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Understanding the complex phenomenon of femicide

feminists demand justice for the femicide of a woman burned alive in mexico
Understanding the complex phenomenon of femicide

By Louisa Borg Haviara

When a complex phenomenon is given a name, it becomes more noticeable in our everyday observations and understanding. As a result we seem to remember such cases and are able to name it. For example, the use of the term genocide as a separate crime category at the Nuremberg War Crimes Tribunal has changed the way the murder of specific groups of people is understood and treated internationally. The same happened with coining the term sexual harassment in the 1980s. The ugliness of being sexually bullied in the workplace started being noticed and having a name. Nowadays penalties for sexual harassment give millions of working women protection around the world.

The term femicide was encountered for the first time in 1801 in a legal manual in England, and again in 1840 in a legal dictionary, and in 1976 in the great virtual court of Brussels, made by feminist lawyers to denounce femicides.

The first documented use of the term ‘femicide’ was in a book by John Corry (1801) called A Satirical View of London at the Commencement of the Nineteenth Century where it was used to refer to the killing of a woman. In 1976, however, the term was reintroduced publicly in the modern age by violence against women expert and activist, Diana Russell, at the International Tribunal of Crimes Against Women to bring attention to violence and discrimination against women. While she has given us several similar definitions over the time, Brannon offered a longer one in 2012: Femicide: Killing of females by males which is caused to any significant degree, overtly or indirectly, by male supremacy; misogyny; patriarchal norms, laws, and acts; or men’s sense of entitlement, superiority, and ownership of women.

According to the World Health Organisation “femicide is the intentional killing of women because they are women. Feminicide is usually committed by men, but sometimes women also collaborate, usually members of the same family. In most cases, femicide is committed by a partner or ex-partner who usually had long-term abusive behaviour, threatened, abused and/or intimidated the woman, who very often has less power or fewer resources than her partner.”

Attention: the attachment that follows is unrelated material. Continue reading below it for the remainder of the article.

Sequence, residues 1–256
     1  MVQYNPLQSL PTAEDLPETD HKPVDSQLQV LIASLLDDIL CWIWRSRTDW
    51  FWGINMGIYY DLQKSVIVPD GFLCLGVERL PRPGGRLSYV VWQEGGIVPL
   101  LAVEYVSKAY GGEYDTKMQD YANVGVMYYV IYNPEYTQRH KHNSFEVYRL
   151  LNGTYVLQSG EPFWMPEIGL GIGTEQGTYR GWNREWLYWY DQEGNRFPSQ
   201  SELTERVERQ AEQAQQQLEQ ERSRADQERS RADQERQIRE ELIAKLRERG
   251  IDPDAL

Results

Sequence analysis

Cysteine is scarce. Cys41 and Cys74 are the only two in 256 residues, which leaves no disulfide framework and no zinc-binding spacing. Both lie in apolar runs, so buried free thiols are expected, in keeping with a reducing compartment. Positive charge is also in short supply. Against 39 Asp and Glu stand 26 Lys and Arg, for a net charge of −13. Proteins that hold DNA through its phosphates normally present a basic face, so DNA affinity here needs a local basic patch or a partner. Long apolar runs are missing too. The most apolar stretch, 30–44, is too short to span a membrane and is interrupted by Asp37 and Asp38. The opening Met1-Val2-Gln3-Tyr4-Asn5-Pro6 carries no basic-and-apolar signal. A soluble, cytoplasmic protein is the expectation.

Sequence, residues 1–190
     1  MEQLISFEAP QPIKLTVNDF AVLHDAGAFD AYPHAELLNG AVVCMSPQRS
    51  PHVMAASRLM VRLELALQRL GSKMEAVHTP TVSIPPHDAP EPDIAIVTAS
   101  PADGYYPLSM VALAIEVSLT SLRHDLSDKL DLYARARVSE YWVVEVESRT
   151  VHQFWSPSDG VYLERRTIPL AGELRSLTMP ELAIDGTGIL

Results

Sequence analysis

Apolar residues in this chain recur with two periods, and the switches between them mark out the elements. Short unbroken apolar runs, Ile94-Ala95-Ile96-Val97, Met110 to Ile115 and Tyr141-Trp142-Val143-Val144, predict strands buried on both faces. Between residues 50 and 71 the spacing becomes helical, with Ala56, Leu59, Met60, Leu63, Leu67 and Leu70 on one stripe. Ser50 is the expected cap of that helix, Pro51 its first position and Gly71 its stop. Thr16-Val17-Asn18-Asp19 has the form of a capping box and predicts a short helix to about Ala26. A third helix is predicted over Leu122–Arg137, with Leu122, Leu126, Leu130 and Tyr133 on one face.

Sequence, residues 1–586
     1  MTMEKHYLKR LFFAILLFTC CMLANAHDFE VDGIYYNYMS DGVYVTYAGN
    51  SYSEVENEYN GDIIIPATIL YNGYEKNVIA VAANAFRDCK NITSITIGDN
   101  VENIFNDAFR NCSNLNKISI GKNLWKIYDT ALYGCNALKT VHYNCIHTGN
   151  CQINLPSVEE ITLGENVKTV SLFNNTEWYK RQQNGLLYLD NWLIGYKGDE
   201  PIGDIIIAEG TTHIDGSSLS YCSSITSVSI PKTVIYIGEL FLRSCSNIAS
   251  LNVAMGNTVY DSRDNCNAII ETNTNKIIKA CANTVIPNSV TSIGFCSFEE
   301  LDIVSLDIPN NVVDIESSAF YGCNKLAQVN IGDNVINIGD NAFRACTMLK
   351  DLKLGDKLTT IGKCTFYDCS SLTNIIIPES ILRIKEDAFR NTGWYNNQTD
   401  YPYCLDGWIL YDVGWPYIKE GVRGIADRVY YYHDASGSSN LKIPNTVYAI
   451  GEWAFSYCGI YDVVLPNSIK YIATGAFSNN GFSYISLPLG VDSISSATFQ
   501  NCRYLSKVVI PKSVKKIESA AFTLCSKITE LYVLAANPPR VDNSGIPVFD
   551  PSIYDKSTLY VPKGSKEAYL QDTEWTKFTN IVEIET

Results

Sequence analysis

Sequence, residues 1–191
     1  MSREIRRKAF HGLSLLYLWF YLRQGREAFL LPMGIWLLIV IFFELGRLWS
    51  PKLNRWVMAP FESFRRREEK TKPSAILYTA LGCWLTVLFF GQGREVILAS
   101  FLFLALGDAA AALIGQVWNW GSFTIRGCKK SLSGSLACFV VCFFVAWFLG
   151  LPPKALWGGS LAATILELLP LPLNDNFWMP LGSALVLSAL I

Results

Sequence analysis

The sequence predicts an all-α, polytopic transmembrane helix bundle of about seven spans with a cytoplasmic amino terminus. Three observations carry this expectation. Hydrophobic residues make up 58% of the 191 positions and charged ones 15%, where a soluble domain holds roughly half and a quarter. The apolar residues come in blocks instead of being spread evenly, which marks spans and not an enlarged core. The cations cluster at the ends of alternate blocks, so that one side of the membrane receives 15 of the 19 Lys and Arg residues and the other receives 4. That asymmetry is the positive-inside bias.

Last but not least according to the European Institute for Gender Equality, the term femicide is defined as the killing of women and girls because of their gender, which are committed or tolerated by both private and public bodies.

The above definitions capture the core of the term, but to understand this phenomenon more fully it will be better to examine the scope and variety of femicides. Twenty forms or categories of femicide are  recorded, which shows its vast scope, for example, ‘honour’ killings of women by ‘shamed’ male relatives, serial-killings, killings of women working as prostitutes, rape and murder killings by current or former husband, partner, lover, or boyfriend, killings of women and girls in wars/conflicts, killings that have to do with organised crime and drugs and the trafficking of women and girls.

Femicide as a criminal act has already been incorporated into the law in many countries, including Chile, Costa Rica, El Salvador, Guatemala Mexico and Argentina. Cyprus has become one of the first countries in Europe to legally recognise femicide as a separate offence. Since 2019, the authorities in Cyprus have investigated and brought to court 20 cases of femicide, very worrying indeed. In Cyprus, ex-husbands or partners were behind 90 per cent of femicides, making relationship breakup the most dangerous factor leading to femicide.

Some people find the term annoying and unnecessary, but they must bear in mind that we do refer to infanticide, patricide and fratricide. It is no coincidence that the UN adopted the term femicide, officially, in the Vienna Convention in 2013.

In the light of the above, not every murder of a woman is femicide, but by using the term femicide with conceptual clarity and precision it will help recognise the crime in cases in which it was not recognised before such as domestic violence and women abuse exposing this recurring pattern of crime against women.

It will also enable the police to classify their cases leading to more awareness and hopefully to the adoption of more appropriate measures. The lack of accountability when such murders are committed must stop and the state and the police must respond more adequately.

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